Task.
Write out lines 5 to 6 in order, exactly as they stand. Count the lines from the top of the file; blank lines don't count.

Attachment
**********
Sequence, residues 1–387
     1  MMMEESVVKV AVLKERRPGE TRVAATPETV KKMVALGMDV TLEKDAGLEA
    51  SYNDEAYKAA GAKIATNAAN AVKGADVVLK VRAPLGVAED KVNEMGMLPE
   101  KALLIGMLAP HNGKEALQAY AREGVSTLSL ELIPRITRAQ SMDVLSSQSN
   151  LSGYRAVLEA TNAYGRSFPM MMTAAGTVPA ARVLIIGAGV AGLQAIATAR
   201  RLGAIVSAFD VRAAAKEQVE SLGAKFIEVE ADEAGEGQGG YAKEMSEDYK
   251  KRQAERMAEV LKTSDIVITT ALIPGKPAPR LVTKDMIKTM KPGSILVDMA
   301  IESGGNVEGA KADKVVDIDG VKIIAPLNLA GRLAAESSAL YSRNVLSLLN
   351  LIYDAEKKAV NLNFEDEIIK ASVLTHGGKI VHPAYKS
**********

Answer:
   151  LSGYRAVLEA TNAYGRSFPM MMTAAGTVPA ARVLIIGAGV AGLQAIATAR
   201  RLGAIVSAFD VRAAAKEQVE SLGAKFIEVE ADEAGEGQGG YAKEMSEDYK